concluded it is more-likely-than-not that these items will not be realized in the ordinary course of operations.

Although realization is not assured, we have concluded that it is more-likely-than-not that the deferred tax assets,
for which a valuation allowance was determined to be unnecessary, will be realized in the ordinary course of
operations based on the available positive and negative evidence, including scheduling of deferred tax liabilities
and projected income from operating activities. The amount of the net deferred tax assets considered realizable,
however, could be reduced in the near term if actual future income or income tax rates are lower than estimated, or
if there are differences in the timing or amount of future reversals of existing taxable or deductible temporary
differences.

At December 31, 2012, we had tax credit carryforwards of $177 available to offset future income taxes, of which
$79 are available to carryforward indefinitely while the remaining $98 will expire 2013 through 2032 if not utilized.
We also had net operating loss carryforwards for income tax purposes of $1.3 billion that will expire 2013 through
2032, if not utilized, and $2.4 billion available to offset future taxable income indefinitely.

Note 17 Contingencies and Litigation


As more fully discussed below, we are involved in a variety of claims, lawsuits, investigations and proceedings
concerning securities law, intellectual property law, environmental law, employment law and the Employee
Retirement Income Security Act (ERISA). We determine whether an estimated loss from a contingency should be
accrued by assessing whether a loss is deemed probable and can be reasonably estimated. We assess our
potential liability by analyzing our litigation and regulatory matters using available information. We develop our
views on estimated losses in consultation with outside counsel handling our defense in these matters, which
involves an analysis of potential results, assuming a combination of litigation and settlement strategies. Should
developments in any of these matters cause a change in our determination as to an unfavorable outcome and result
in the need to recognize a material accrual, or should any of these matters result in a final adverse judgment or be
settled for significant amounts, they could have a material adverse effect on our results of operations, cash flows
and financial position in the period or periods in which such change in determination, judgment or settlement
occurs.

Additionally, guarantees, indemnifications and claims arise during the ordinary course of business from
relationships with suppliers, customers and nonconsolidated affiliates when the Company undertakes an obligation
to guarantee the performance of others if specified triggering events occur. Nonperformance under a contract could
trigger an obligation of the Company. These potential claims include actions based upon alleged exposures to
products, real estate, intellectual property such as patents, environmental matters, and other indemnifications. The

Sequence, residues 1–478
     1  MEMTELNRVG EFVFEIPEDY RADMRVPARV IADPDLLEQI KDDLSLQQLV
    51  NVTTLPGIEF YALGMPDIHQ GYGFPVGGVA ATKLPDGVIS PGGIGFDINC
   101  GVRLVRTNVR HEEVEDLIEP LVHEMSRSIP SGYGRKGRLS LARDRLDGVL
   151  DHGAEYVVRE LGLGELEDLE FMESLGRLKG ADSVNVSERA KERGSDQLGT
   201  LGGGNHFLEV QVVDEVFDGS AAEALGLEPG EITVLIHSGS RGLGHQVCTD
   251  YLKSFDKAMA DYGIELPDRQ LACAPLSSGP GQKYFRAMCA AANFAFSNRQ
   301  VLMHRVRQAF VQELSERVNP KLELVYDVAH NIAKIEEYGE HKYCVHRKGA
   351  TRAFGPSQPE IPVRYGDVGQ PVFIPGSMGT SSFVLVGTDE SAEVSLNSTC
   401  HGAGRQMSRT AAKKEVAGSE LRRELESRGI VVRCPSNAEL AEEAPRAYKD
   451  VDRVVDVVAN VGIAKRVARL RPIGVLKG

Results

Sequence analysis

ultimate effect on future financial results is not subject to reasonable estimation because considerable uncertainty
exists as to the final outcome of these claims. However, while the ultimate liabilities resulting from such claims may
be significant to results of operations in the period recognized, management does not anticipate they will have a
material adverse effect on the Company's consolidated financial position or liquidity. As of December 31, 2012, we
have accrued our estimate of liability incurred under our indemnification arrangements and guarantees.

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Brazil Tax and Labor Contingencies
Our Brazilian operations are involved in various litigation matters and have received or been the subject of
numerous governmental assessments related to indirect and other taxes, as well as disputes associated with
former employees and contract labor. The tax matters, which comprise a significant portion of the total
contingencies, principally relate to claims for taxes on the internal transfer of inventory, municipal service taxes on
rentals and gross revenue taxes. We are disputing these tax matters and intend to vigorously defend our positions.
Based on the opinion of legal counsel and current reserves for those matters deemed probable of loss, we do not
believe that the ultimate resolution of these matters will materially impact our results of operations, financial position
or cash flows.
The labor matters principally relate to claims made by former employees and contract labor for the equivalent
payment of all social security and other related labor benefits, as well as consequential tax claims, as if they were
regular employees. As of December 31, 2012, the total amounts related to the unreserved portion of the tax and
labor contingencies, inclusive of related interest, amounted to approximately $1,010 with the decrease from
December 31, 2011 balance of approximately $1,120, primarily related to currency and closed cases partially offset
by interest. With respect to the unreserved balance of $1,010, the majority has been assessed by management as